- Practice summarizing ungrouped data using a frequency distribution.
- Practice summarizing data using a column chart.
- Learn how to summarize data using descriptive statistics.

A single trial in an experiment consists of rolling a pair of dice and recording the sum of the dots (the dot sum). The experiment consists of 200 trials.

1. Open the workbook DescriptiveStats01.xlsx and put your name in cell B1 of the "Pair of Dice" worksheet.

2. The results of the 200 rolls are listed under the heading "Dot Sum" in column A. In the frequency distribution section, the possible dot sums for a single trial are listed.

3. In cell G6, use the COUNTIF function to determine the number of times the dot sum was 2 in this experiment. Be careful to use absolute references where needed.

4. I suggest that you copy this cell and use the paste special to paste just the formula in the rest of cells in the frequency column. You can also use the fill handle to copy the COUNTIF formula down the rest of the column but you'll have to reformat the last cell to display a bottom border.

5. Use the **AutoSum** tool button to find the sum of the frequencies.
This number is n, the sample size. If you didn't get n = 200, fix your
mistake(s) before continuing.

6. Insert a column chart illustrating the distribution of dot sums. Does the distribution appear to be approximately normal?

7. Save your workbook.

8. The mean can be found using the Excel function, **AVERAGE( range)**, where

9. The standard deviation for a set of sample data can be found using the Excel function, **STDEV.S( range)**. Display the
result to one decimal place.

10. All of the values in the five-number summary are calculated using the Excel
function, **QUARTILE.INC( range, quartile)**, where the

0 - Minimum

1 - First Quartile

2 - Second Quartile (the Median)

3 - Third Quartile

4 - Maximum

Display the quartiles to one decimal place.

11. Save your workbook.

A single trial in an experiment consists of flipping 10 coins and recording the number of heads. The experiment consists of 1,000 trials.

1. Go to the "Ten Coins" worksheet and put your name in cell B1.

2. The results of the 1,000 trials are listed under the heading "Heads" in column A. In the frequency distribution section, the possible numbers of heads for a single trial are listed.

3. Use the COUNTIF function to determine the number of times the number of heads was zero in this experiment. Be careful to use absolute references where needed.

4. I suggest that you copy hour COUNTIF formula and use the paste special to paste just the formula in the rest of cells in the frequency column. You can also use the fill handle to copy the COUNTIF formula down the rest of the column but you'll have to reformat the last cell to display a bottom border.

5. Use the **AutoSum** tool button to find the sum of the frequencies.
This number is n, the sample size. If you didn't get n = 1,000, fix your
mistake(s) before continuing.

6. Insert a column chart illustrating the distribution of the numbers of heads. Does the distribution appear to be approximately normal?

7. Save your workbook.

8. Find the mean number of heads and display the result to one decimal place.

9. Find the standard deviation and display the result to one decimal place.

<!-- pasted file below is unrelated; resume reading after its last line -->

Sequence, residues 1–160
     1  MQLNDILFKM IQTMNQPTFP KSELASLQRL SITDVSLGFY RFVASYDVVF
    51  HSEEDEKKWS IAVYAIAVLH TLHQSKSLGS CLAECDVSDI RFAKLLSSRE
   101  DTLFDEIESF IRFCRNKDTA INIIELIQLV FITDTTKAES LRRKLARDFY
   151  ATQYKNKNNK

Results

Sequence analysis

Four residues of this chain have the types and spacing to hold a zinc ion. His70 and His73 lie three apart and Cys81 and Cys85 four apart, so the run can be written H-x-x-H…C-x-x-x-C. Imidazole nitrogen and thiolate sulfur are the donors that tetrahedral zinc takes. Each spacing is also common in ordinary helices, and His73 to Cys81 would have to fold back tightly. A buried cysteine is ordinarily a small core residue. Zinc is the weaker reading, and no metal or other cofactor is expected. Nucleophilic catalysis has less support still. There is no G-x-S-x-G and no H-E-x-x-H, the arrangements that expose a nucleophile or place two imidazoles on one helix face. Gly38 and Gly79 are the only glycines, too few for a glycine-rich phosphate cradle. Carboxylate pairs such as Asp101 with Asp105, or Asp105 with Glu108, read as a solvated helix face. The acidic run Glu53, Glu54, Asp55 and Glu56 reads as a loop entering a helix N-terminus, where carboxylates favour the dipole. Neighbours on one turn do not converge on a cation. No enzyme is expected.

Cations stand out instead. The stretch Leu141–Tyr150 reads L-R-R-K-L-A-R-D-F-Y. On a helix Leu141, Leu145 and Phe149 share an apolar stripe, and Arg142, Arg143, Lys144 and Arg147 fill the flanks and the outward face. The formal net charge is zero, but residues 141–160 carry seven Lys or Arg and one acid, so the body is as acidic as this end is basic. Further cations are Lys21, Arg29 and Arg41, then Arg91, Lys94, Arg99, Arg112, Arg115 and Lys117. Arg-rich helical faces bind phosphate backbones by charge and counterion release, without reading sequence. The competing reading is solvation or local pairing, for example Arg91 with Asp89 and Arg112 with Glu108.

10. Find the five-number summary and display the results to one decimal place.

11. Save your workbook.

A university registrar took a random sample of 500 students and determined how many absences each student had in a required math class.

1. Go to the "Class Absences" worksheet and put your name in cell B1.

2. The number of absences for these 500 students are listed under the heading "Absences" in column A.

3. Find the mean number of absences and display the result to one decimal place.

4. Find the standard deviation and display the result to one decimal place.

5. Find the five-number summary and display the results to one decimal place.

6. Save your workbook.

7. The minimum number of absences is obviously zero. Use your five-number summary to determine the maximum number of absences in this data set. In the frequency distribution section, list the possible number of absences from 0 up to the maximum for this data set.

8. Use the COUNTIF function to determine the number of times the number of absences was zero. Be careful to use absolute references where needed.

9. Use the fill handle to copy the COUNTIF formula down the rest of the column.

10. Using your other two worksheets as a models, format the bottom row in
the frequency distribution to display a bottom border. Put the text "n =" in
the left column below the bottom border. Use the **AutoSum** tool button to find the sum of the frequencies.
This number is n, the sample size. If you didn't get n = 500, fix your
mistake(s) before continuing.

11. Insert a column chart illustrating the distribution of the number of absences. Does the distribution appear to be approximately normal?

12. Since the distribution doesn't look very normal, the mean and the standard deviation may not be appropriate descriptive statistics for this data set.

13. Save your workbook.

Go to the "Children" worksheet and enter your name in cell B1. The data in column B of this worksheet represents the number of children in the families of MAT 120 students. Summarize this data using a frequency distribution, a chart, and appropriate descriptive statistics.

Go to the "Ages" worksheet and enter your name in cell B1. The data in column A represents the ages of MAT 120 students. Summarize this data using appropriate descriptive statistics.

My solutions are in the workbook DescriptiveStats01Done.xlsx.